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Hate crime agenda co-opted into counter-extremism strategy

25th Oct 2019

The Labour Government’s counter-extremism strategy (Prevent), targeted Muslims who may be involved in violent extremism, the Tories extended it to include non-violent extremism. In both cases, the definition of extremism was so wide that Muslims became part of a suspect community. This can be seen at ports where Muslims are stopped and searched under Schedule 7 even though there is no suspicion that they may be involved in non-violent or violent extremism.

Due to the Prevent strategy being heavily criticised by human right groups, politicians, academics, police, intelligence services, etc., the Government set up a commission to look into the counter-extremism strategy.

The Commission on Extremism, set up just last year, under the Chairmanship of Sara Khan, instead of looking into Prevent extremism strategy as it found it challenging to define “extremism”, the Commission has come up with yet another form of extremism, outside the realm of terrorism and violence which it has termed ‘hateful extremism’ after carrying out the first-ever national conversation on extremism.

It is seeking the establishment of yet another task force led by the Home Secretary to look into “hateful extremism” which like other counter-extremism strategies will be mainly targeting Muslims even though far-right extremism will also be included. However, for the far-right extremism, there will be no targeting of churches, or the white community like the Muslims are.

“Challenging extremism is not a new Government objective. The new commission will build on the comprehensive programme of work set out in the counter-extremism strategy,” Minister of State for Countering Extremism, Susan Williams, said when elaborating the role of the CCE. Rather than working with it, the Counter Extremism Strategy operates in parallel with the discredited Prevent strategy. Effectively it takes the framework of ‘countering extremism’ as developed under Prevent and spreads it deeper within society.

The underlining problem has always been that there is no legal definition for extremism. Although CCE has made it explicit that Prevent is ‘outside its remit,’ it continues to use extremism as defined by the programme. The imprecision of the Government’s arbitrary definition outlined in the Prevent duty guidance 2015 is “vocal or active opposition to fundamental British values, including democracy, the rule of law, individual liberty and mutual respect and tolerance of different faiths and beliefs.”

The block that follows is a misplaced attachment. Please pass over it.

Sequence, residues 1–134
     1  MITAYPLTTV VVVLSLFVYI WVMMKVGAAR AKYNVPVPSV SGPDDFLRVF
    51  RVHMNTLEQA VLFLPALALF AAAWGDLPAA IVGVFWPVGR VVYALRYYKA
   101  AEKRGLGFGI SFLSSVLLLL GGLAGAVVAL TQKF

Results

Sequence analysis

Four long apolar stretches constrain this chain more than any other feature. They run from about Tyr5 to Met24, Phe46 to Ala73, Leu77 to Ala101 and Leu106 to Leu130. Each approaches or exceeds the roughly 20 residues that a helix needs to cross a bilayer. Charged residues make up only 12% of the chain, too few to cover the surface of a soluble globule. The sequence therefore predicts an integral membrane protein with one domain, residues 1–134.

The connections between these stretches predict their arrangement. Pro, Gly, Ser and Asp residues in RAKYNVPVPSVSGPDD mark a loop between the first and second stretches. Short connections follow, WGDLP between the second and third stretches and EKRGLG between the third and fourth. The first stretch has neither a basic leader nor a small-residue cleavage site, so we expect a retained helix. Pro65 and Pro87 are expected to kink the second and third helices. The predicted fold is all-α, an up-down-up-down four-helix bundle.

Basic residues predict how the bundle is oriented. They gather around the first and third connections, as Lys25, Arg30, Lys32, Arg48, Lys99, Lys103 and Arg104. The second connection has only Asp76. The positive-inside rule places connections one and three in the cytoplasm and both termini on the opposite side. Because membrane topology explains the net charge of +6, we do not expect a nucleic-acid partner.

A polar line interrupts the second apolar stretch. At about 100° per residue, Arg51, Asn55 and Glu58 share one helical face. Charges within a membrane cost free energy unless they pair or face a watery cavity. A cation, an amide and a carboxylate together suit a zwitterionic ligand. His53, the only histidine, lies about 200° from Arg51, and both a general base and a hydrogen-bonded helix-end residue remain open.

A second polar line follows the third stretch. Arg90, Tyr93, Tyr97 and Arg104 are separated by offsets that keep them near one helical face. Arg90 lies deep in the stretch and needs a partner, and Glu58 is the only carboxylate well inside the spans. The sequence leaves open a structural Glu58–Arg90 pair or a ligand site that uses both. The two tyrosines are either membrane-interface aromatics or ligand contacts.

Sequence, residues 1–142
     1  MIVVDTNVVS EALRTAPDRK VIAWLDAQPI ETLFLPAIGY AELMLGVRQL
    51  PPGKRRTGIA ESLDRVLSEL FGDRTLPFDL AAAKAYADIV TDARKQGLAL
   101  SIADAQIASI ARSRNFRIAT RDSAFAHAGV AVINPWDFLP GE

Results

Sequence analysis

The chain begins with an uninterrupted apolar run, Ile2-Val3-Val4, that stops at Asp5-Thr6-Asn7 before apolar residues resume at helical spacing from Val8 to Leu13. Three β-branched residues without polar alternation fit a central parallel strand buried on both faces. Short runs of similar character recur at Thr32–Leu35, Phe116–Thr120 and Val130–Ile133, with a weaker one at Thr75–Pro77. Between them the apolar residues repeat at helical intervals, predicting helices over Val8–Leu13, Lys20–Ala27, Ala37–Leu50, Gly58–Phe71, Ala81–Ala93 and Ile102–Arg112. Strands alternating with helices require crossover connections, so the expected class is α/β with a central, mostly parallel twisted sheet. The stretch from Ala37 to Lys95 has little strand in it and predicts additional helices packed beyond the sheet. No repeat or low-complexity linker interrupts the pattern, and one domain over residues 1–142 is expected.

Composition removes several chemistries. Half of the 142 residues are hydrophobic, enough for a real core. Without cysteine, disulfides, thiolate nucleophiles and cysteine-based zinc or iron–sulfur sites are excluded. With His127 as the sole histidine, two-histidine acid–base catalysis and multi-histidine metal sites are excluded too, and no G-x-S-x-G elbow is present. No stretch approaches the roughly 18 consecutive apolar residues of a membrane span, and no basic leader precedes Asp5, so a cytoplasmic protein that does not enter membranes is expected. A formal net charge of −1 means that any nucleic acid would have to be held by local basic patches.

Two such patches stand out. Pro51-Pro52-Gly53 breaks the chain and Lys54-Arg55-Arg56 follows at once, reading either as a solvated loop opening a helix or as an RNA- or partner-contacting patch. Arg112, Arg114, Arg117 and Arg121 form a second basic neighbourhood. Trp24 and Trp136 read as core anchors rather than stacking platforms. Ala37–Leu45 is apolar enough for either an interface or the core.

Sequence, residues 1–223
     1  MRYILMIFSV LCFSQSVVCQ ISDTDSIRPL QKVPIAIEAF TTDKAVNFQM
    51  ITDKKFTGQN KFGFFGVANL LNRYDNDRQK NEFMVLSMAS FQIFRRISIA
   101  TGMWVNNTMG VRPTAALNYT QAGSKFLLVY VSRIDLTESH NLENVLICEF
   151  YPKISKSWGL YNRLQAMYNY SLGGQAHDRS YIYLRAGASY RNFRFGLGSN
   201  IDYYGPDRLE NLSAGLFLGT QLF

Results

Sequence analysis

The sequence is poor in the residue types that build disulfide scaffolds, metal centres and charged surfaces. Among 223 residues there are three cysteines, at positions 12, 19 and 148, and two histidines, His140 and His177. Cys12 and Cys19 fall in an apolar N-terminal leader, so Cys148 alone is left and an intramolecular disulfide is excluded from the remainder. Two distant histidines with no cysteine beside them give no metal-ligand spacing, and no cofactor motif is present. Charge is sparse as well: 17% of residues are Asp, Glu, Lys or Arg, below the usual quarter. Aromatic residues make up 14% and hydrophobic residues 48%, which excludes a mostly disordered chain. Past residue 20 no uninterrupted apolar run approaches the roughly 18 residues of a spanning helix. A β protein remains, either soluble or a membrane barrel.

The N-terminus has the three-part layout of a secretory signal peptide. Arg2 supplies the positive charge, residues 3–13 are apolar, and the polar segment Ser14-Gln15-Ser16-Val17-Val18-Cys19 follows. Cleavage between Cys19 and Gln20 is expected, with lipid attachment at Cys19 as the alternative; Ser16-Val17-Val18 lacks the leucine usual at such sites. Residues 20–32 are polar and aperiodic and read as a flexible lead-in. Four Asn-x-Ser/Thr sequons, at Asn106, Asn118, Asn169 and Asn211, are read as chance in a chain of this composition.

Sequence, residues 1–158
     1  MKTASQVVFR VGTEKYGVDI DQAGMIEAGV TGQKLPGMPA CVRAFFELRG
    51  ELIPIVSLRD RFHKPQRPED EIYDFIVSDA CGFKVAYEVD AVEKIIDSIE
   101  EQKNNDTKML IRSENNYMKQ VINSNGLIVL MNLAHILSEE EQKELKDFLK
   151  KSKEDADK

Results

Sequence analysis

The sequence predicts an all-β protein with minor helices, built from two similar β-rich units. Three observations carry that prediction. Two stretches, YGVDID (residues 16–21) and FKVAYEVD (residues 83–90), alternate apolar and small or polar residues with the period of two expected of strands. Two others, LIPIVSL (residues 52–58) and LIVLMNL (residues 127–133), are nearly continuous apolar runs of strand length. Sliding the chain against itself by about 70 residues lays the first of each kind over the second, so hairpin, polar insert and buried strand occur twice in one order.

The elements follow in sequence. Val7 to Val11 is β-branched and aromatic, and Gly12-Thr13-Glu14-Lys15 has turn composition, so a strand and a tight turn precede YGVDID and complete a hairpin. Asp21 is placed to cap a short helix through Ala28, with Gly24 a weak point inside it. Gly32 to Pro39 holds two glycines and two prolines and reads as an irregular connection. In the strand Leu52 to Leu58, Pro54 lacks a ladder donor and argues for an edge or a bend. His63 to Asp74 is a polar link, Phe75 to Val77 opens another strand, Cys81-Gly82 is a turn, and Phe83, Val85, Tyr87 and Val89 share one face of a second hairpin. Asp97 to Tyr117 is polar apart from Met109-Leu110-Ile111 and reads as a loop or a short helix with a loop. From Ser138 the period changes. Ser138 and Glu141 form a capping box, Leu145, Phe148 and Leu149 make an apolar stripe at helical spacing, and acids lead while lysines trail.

Not only is it frivolous, but extremism is now being linked with hate crimes, which Muslims are by far the biggest victims. It is not just a symptom of the rise of far-right groups but a response to the way Muslims are being portrayed so abusively in much of the media as well as the Islamophobic attitudes of many politicians, including Prime Minister, Boris Johnson.

In its report, CCE describes hateful extremism as ‘behaviours that can incite and amplify hate, or engage in persistent hatred, or equivocate about and make the moral case for violence, (those) that draw on hateful, hostile or supremacist beliefs directed at an out-group who are perceived as a threat to the wellbeing, survival or success of an in-group (and) that cause, or are likely to cause, harm to individuals, communities or wider society.’

The commission presented case studies and the testimonies to illustrate the harmful and dangerous consequences of hateful extremism. Yet, strangely, the overwhelming target of criticisms in the report are directed against Muslim individuals and organisations. As if to emphasise its bias, CCE also produced three coinciding papers on ‘Islamism.’

All the reports are very weak on substance and academic value. Many members of CCE have already been identified as being part of the Islamophobia industry. Most notably some so-called experts have been associated or have links with such groups as the Henry Jackson Society, the Policy Exchange, the Quilliam Foundation, the Tony Blair Institute for Global Change and other individuals. “By relying on right-wing think tanks and Muslims committed to supporting securitisation, the CCE has only confirmed the objectionable nature of its existence,” says Cage Research Director, Asim Qureshi.

Uncannily, the pattern of recommendations is similar to the focus of the discredited Prevent programme that will lead to the further criminalising of Muslims under the banner of countering extremism. Worryingly civil society is being sought to perform more surveillance over the community while advocating for a range of sanctions to enable the enforcement of its vested agenda.

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